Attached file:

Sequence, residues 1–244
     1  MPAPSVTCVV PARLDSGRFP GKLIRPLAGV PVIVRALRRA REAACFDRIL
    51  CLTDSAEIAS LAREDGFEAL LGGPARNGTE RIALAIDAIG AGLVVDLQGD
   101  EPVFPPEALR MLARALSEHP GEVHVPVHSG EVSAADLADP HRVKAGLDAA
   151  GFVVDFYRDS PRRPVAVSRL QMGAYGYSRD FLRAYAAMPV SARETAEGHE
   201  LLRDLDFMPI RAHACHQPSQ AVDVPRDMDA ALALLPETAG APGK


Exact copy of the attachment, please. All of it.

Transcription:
Sequence, residues 1–244
     1  MPAPSVTCVV PARLDSGRFP GKLIRPLAGV PVIVRALRRA REAACFDRIL
    51  CLTDSAEIAS LAREDGFEAL LGGPARNGTE RIALAIDAIG AGLVVDLQGD
   101  EPVFPPEALR MLARALSEHP GEVHVPVHSG EVSAADLADP HRVKAGLDAA
   151  GFVVDFYRDS PRRPVAVSRL QMGAYGYSRD FLRAYAAMPV SARETAEGHE
   201  LLRDLDFMPI RAHACHQPSQ AVDVPRDMDA ALALLPETAG APGK